|« Where I write in six words before the #harrisburgmarathon||Where I wordlessly recap the marathon #WordlessWednesday »|
Where I recap my second take at the Harrisburg Marathon
About two years ago, I started running, and I’ve thought back on that time a lot lately. Back then, it was purely about health – getting myself to move, committing to a “better me.” I promised that I wouldn’t, ever, care about my time – I’d go further and further and further. I’d find my limits, and I’d push them, constantly. Every day, I tried to run a little bit further. After a little while, I thought I was getting pretty close to being able to run a marathon, so I started paying attention to just how far I was running. Two years ago, I wouldn’t have discounted the fact that I’d have run a marathon – the “me” back then would have understood wanting to “get it out of my system.”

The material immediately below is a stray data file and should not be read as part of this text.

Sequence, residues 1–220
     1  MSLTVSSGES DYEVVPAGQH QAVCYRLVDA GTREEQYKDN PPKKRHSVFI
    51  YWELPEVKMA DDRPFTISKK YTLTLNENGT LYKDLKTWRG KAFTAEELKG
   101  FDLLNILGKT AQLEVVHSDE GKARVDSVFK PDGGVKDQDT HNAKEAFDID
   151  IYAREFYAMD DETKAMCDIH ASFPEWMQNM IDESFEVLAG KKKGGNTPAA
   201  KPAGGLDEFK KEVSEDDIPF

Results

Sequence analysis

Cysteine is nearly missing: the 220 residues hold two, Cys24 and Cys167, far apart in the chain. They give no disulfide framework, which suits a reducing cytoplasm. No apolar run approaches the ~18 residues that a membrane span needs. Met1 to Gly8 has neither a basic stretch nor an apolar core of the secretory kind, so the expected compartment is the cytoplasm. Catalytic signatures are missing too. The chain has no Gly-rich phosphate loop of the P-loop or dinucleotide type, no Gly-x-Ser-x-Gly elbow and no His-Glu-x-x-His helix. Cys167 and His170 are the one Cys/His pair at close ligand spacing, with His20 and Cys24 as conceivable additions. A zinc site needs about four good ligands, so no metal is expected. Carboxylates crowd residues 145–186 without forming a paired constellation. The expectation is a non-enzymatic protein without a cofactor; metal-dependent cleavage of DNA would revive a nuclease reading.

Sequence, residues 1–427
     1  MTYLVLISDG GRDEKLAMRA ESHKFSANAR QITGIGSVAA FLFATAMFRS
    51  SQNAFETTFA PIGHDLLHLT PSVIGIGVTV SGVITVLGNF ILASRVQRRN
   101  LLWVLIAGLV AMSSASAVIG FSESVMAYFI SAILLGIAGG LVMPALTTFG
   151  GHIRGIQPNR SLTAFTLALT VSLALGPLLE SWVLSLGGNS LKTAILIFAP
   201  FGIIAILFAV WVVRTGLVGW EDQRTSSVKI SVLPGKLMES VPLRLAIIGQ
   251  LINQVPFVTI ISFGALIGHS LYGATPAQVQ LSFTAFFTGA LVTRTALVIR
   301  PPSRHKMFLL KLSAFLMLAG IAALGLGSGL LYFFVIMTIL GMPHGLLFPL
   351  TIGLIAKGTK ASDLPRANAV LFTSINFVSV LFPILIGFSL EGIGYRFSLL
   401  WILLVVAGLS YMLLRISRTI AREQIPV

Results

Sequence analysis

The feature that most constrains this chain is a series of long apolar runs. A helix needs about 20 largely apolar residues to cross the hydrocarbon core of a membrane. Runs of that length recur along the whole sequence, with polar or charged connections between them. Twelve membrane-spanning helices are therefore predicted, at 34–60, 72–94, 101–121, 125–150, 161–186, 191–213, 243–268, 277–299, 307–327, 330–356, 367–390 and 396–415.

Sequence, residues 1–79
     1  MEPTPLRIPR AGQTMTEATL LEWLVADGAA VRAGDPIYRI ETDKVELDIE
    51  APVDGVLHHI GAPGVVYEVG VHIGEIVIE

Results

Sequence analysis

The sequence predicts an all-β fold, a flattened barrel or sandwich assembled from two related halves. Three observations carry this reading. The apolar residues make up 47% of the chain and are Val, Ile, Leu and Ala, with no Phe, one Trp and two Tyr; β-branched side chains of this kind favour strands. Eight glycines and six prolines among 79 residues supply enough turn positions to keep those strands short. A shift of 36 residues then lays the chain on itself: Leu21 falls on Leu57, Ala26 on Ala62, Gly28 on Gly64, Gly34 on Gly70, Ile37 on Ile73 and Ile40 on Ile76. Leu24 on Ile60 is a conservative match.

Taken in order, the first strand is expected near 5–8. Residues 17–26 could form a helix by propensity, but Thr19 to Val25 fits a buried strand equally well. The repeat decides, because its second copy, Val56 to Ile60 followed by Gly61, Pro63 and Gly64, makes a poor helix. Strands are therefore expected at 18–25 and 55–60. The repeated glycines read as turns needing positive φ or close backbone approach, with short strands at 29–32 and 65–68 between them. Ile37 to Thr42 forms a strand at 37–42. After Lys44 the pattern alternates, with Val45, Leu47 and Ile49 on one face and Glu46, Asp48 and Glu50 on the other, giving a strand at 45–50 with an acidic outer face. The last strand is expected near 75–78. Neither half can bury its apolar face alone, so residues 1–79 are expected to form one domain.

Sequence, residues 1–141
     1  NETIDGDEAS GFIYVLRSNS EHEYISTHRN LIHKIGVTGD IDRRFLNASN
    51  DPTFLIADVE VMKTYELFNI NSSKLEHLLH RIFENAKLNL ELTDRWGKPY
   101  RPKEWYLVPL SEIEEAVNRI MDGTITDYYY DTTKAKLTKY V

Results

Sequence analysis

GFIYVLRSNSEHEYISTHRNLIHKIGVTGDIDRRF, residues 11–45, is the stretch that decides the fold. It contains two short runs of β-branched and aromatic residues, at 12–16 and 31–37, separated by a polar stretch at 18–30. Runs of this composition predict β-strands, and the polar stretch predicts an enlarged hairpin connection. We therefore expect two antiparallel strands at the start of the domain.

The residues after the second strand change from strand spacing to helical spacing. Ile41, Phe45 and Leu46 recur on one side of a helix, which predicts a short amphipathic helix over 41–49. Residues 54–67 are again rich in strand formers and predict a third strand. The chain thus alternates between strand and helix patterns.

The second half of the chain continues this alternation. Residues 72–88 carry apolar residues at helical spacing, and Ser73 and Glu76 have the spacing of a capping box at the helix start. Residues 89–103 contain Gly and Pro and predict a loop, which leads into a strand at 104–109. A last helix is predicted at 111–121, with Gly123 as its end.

Then, the 2010 Harrisburg Marathon happened. I finished, and that’s about all I can say. A few days after the finish, though, I knew, somehow, that I wasn’t done with marathons. Simply, I had finished too weak. While I’m far from being a perfectionist, I didn’t want my “one and done” to be that poor a showing. So, I ran the Gettysburg marathon, but I knew I’d come back to Harrisburg. Sure, 26.2 miles is 26.2 miles – but the course beat me that first time . . . and I wanted to beat the course.
The problem is – running one race is fine . . . it’s what you do. And no two marathons are really the same, despite their distances. You run a race a second time to best your previous time. For the first time, I had to admit that my time actually mattered to me.